The tool will help keep front line workers up to date with the severe weather risks of their clients and to assist in both longer term planning for severe weather events as well as the short term response when these events occur. Initially based in Leeds, the project will aim to develop a tool with practical applications for other Local Authorities.

Building resilience for people with mental health and substance misuse problems

Equinox is an organisation providing support and care for people with mental health and substance misuse problems who are often overlooked by mainstream services and marginalised by society.

Equinox will be working through peer led consultation with people who have experience of alcohol and drug problems and/or with mental ill health to gauge how to build resilience to climate change issues. The findings will inform the production guidance leaflets, appropriate to service users who are often outside the main target audience for such support.

Related article
» Equinox works with mental health and substance misuse service users for climate harm reduction »
: Catherine Max describes Equinox’s innovative climate harm reduction project to help mental health and substance misuse service users take action on the environment and develop resilience to climate change, contributing to the National Adaptation Programme.


User comments

  1. David Oakley-Hill says:

    This is all passive – lying back, accepting “business as usual”, assuming that climate change will just get worse and making the best of it. It ignores the Dec 2012 Doha Declaration http://dohadeclaration.weebly.com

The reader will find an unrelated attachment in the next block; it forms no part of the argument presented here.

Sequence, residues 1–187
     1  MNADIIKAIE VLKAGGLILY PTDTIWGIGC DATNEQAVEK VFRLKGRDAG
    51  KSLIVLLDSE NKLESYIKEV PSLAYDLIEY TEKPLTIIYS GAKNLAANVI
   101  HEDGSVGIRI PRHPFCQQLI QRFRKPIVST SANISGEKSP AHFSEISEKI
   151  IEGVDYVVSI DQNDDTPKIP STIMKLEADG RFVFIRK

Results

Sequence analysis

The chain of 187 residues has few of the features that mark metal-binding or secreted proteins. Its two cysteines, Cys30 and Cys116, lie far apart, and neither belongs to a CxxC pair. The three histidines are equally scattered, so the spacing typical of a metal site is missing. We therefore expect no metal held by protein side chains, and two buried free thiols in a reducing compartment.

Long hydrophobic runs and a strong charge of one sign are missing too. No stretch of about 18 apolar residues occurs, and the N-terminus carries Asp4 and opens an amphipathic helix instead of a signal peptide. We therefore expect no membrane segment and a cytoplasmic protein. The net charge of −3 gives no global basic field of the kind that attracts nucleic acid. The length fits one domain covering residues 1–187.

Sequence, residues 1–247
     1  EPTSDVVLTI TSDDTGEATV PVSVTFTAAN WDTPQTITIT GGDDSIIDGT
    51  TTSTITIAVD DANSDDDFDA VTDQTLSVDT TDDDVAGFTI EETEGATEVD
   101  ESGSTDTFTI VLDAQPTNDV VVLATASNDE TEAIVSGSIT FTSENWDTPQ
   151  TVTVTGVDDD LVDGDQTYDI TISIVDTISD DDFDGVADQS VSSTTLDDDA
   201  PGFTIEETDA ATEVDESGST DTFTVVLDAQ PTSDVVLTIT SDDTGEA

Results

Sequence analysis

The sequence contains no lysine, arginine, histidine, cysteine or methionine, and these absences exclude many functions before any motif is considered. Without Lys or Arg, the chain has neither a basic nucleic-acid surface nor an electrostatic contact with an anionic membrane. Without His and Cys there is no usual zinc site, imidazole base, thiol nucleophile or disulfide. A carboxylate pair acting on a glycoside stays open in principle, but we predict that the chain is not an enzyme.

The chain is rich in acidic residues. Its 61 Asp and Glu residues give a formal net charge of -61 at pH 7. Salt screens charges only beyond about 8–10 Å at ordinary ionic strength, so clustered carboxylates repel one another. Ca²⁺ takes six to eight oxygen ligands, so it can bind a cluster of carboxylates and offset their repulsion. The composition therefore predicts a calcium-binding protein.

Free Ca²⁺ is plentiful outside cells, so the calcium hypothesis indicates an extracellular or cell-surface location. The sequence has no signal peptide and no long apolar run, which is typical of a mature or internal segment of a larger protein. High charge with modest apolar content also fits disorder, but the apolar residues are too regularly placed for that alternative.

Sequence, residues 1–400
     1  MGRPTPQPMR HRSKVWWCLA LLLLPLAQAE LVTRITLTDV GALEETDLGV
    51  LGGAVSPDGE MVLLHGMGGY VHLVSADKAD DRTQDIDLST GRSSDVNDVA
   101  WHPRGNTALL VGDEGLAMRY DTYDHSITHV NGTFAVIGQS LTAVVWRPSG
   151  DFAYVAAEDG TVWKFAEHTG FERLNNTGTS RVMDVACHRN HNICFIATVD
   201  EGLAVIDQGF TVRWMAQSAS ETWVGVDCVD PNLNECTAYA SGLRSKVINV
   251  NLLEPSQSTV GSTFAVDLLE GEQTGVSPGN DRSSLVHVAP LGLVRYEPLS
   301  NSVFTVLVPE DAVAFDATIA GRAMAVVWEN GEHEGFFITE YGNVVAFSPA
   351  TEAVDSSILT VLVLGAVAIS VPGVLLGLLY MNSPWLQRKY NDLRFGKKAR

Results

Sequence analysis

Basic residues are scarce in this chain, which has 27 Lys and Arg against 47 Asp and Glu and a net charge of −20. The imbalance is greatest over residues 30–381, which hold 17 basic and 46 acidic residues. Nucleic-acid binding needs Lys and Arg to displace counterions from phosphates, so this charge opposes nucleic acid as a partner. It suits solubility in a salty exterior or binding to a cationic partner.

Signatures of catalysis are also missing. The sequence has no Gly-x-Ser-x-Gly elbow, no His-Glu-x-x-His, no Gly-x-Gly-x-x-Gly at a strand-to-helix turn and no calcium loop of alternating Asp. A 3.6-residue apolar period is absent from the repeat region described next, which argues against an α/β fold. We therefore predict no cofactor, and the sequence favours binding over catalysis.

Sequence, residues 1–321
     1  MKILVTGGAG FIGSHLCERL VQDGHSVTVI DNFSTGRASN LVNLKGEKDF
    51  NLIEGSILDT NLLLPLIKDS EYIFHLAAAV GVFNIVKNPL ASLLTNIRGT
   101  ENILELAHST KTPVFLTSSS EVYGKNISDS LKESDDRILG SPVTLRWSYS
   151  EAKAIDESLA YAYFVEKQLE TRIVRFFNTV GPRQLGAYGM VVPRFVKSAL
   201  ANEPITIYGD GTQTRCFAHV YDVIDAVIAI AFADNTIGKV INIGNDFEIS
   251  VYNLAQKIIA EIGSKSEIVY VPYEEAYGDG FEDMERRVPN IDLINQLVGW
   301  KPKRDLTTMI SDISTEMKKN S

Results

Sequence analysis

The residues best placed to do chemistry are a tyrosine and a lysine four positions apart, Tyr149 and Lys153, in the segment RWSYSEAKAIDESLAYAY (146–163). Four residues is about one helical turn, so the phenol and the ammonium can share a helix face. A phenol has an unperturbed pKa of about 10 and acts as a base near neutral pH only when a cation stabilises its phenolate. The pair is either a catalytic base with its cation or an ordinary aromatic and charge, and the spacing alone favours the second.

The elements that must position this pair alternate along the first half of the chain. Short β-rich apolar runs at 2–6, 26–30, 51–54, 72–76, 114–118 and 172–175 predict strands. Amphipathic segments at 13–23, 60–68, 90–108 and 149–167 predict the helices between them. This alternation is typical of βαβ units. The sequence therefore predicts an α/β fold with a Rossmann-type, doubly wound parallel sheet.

Health Authorities are large and powerful. They should take a highly proactive role in PREVENTION. They should strongly oppose major developments that would have adverse effects on climate and health, and increase their workload and ability to cope.

    Example: an application has been made to expand capacity at Luton Airport from 10 to 18m passengers pa. This would deliberately increase pollution and congestion, bringing millions of extra car journeys and far more flights, adding to lung damage from particulates, NOx and ozone, and extending night flights causing sleep deprivation.

    The Draft Aviation Policy Framework states the need to “maintain the balance of benefits and costs of aviation, particularly climate change”. Airport expansion would not only fuel climate change, already increasing at levels dangerous to humanity, it would also bring serious disbenefits to the community and add substantial costs to the Health Service. This is unacceptable. The Health Service should demand that expansion should not be permitted, and further, that night flights are banned, not extended, as they ruin lives.

    • Nick Saltmarsh, SD Scene editor says:

      Thank you for your comment, which has been referred to the appropriate government team.

      We will publish any response provided.